The World's Fight Against Microbes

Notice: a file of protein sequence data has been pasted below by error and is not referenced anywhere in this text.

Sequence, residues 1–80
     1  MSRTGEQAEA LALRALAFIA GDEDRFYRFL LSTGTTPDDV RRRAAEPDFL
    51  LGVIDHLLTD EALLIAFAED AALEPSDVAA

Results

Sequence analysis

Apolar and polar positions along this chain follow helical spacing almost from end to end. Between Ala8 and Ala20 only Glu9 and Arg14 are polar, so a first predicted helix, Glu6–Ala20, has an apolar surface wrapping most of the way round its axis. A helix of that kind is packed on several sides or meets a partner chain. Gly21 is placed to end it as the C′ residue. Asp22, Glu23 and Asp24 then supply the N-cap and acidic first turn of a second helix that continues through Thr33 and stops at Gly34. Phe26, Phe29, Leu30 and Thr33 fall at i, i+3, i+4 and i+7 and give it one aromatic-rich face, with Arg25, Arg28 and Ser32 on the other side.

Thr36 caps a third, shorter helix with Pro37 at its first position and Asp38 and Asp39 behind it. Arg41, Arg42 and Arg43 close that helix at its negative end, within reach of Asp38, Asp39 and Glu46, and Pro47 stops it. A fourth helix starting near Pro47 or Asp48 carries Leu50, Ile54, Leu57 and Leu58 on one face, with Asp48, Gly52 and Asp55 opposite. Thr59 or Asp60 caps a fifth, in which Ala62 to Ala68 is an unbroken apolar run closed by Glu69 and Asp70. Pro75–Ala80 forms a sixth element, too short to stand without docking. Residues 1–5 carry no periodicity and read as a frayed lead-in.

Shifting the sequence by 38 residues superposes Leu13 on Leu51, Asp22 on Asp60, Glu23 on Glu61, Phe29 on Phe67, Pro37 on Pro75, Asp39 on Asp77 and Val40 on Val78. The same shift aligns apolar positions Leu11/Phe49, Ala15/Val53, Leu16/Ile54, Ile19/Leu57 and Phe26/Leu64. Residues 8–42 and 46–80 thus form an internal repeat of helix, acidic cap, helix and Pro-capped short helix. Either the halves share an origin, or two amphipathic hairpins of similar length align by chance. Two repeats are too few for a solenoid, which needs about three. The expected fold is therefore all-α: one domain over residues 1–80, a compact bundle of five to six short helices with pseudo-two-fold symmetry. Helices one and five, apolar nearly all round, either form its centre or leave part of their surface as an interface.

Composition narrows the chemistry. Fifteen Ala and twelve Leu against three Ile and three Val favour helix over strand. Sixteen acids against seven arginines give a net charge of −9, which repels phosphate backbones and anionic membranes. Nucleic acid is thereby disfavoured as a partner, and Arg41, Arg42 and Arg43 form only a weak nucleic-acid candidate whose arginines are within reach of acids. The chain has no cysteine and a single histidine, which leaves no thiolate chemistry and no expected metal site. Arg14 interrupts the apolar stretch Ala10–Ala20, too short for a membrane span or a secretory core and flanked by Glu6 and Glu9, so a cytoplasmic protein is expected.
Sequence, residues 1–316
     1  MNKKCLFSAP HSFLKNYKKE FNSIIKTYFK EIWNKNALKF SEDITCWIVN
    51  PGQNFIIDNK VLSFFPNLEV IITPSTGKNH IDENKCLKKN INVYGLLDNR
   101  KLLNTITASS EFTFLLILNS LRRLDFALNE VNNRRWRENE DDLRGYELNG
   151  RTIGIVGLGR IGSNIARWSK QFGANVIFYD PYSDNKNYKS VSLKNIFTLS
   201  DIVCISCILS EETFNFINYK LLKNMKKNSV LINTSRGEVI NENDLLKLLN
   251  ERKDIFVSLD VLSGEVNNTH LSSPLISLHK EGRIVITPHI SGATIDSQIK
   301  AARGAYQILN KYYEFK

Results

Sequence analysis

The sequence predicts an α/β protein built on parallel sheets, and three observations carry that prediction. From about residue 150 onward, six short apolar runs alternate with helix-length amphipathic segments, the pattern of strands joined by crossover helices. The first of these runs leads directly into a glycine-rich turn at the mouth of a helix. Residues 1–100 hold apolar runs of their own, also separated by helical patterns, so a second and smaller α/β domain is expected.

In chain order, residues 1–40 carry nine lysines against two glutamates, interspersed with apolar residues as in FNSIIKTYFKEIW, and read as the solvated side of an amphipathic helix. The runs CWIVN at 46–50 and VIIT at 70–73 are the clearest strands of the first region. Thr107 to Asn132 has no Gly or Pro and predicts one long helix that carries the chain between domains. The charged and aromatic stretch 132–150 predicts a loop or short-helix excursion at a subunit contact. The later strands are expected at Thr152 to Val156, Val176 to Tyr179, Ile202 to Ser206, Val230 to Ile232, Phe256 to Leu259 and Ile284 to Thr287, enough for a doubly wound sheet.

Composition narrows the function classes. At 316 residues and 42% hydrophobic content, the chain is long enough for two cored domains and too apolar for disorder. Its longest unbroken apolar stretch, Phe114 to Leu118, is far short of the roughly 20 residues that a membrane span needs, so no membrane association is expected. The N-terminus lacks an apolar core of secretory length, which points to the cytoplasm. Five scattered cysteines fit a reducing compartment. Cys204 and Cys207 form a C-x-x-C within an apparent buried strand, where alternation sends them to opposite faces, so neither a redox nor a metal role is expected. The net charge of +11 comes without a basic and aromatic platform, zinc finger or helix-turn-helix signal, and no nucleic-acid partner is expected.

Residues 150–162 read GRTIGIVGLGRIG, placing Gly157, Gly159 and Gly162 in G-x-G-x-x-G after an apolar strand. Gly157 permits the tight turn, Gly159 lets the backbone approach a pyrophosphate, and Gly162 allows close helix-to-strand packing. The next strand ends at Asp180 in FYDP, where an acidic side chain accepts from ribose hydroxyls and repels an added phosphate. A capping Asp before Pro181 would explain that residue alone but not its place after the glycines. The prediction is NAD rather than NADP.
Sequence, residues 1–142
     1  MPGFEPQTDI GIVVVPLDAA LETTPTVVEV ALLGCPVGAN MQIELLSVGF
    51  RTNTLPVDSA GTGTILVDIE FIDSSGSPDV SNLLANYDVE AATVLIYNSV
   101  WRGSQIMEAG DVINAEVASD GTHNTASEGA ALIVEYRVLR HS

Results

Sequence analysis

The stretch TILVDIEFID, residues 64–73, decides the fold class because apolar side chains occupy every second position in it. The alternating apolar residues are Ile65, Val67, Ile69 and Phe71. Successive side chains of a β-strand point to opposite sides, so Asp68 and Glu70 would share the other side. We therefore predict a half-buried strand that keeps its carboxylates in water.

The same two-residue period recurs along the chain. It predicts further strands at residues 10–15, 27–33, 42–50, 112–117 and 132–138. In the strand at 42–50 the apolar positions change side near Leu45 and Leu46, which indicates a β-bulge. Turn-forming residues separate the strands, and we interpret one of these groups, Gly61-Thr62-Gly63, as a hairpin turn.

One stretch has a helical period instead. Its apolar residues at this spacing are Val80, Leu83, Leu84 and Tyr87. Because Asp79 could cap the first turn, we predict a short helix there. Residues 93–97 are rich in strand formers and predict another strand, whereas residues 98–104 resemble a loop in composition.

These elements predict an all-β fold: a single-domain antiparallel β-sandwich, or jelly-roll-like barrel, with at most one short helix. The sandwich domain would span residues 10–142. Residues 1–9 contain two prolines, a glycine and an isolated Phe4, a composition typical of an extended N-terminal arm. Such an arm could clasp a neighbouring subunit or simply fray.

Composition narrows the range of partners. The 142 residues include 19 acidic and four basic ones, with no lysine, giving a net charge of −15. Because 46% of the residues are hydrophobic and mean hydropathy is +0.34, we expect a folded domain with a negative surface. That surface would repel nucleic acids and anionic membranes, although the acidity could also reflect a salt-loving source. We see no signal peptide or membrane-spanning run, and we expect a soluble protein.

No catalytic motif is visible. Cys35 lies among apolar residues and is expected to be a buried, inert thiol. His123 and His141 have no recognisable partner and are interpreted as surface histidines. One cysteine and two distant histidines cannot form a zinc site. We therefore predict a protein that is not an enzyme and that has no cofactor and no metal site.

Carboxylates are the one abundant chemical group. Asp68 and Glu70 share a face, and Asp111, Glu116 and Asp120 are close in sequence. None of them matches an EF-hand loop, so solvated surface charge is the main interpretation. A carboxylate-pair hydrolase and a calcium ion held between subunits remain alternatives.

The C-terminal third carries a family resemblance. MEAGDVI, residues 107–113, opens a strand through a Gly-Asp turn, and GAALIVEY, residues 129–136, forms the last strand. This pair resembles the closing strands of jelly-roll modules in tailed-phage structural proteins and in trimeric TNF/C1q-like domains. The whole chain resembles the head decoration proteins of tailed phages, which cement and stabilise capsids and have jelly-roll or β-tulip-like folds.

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The World's Fight Against Microbes Many infectious diseases that were nearly eradicated from the industrialized world, and newly emerging diseases are now breaking out all over the world due to the misuse of medicines, such as antibiotics and antivirals, the destruction of our environment, and shortsighted political action and/or inaction. Viral hemorrhagic fevers are a group of diseases caused by viruses from four distinct families of viruses: filoviruses, arenaviruses, flaviviruses, and bunyaviruses. The usual hosts for most of these viruses are rodents or arthropods, and in some viruses, such as the Ebola virus, the natural host is not known. All forms of viral hemorrhagic fever begin with fever and muscle aches, and depending on the particular virus, the disease can progress until the patient becomes deathly ill with respiratory problems, severe bleeding, kidney problems, and shock. The severity of these diseases can range from a mild illness to death (CDC I). The Ebola virus is a member of a family of RNA (ribonucleic acid) viruses known as filoviruses. When these viruses are magnified several thousand times by an electron microscope they have the appearance of long filaments or threads. Filoviruses can cause hemorrhagic fever in humans and animals, and because of this they are extremely hazardous. Laboratory studies of these viruses must be carried out in special maximum containment facilities, such as the Centers for Disease Control (CDC) in Atlanta, Georgia and the United States Army Medical Research Institute of Infectious Diseases (USAMRIID), at Fort Detrick in Frederick, Maryland (CDC I,II). The Ebola hemorrhagic fever in humans is a severe, systemic illness caused by infection with Ebola virus. There are four subtypes of Ebola virus (Ebola-Zaire, Ebola-Sudan, Ebola-Ivory Coast, and Ebola-Reston), which are not just variations of a single virus, but four distinct viruses. Three of these subtypes are known to cause disease in humans, and they are the Zaire, Sudan, and Ivory Coast subtypes. Out of all the different viral hemorrhagic fevers known to occur in humans , those caused by filoviruses have been associated with the highest case-fatality rates. These rates can be as high as 90 percent for epidemics of hemorrhagic fever caused by Ebola-Zaire virus. No vaccine exists to protect from... ... middle of paper ... ... Yet a bacterium can kill a whale ... Such is the adaptability and versatility of microorganisms as compared with humans and other so called "higher" organisms, that they will doubtless continue to colonise and alter the face of the Earth long after we and the rest of our cohabitants have left the stage forever. Microbes, not macrobes, rule the world. - Bernard Dixon, 1994 Works Cited CDC(I).Ebola Virus Hemorrhagic Fever: General Information. http://www.cdc.gov/ncidod/diseases/virlfv/ebolainf.htm[1996, November 20]. CDC(II). Filoviruses in Nonhuman Primates: Overview of the Investigation in Texas. http://www.cdc.gov/ncidod/diseases/virlfvr/ebola528.htm[1996, November 20]. Garrett, Laurie. The Coming Plague. Farrar, Straus. and Giroux: New York, 1994. Mosby’s Medical, Mursing, and Allied Health Dictionary 4th Ed. . Mosby-Year Book, Inc.: St.Louis,1994. Preston, Richard. The Hot Zone. Random House Inc.: New York, 1994. Roizman, Bernard. Infectious Diseases in an Age of Change. National Academy Press: Washington,D.C., 1995. Top, Franklin H. . Communicable and Infectious Diseases. C.V. Mosby Company: St.Louis, 1964.
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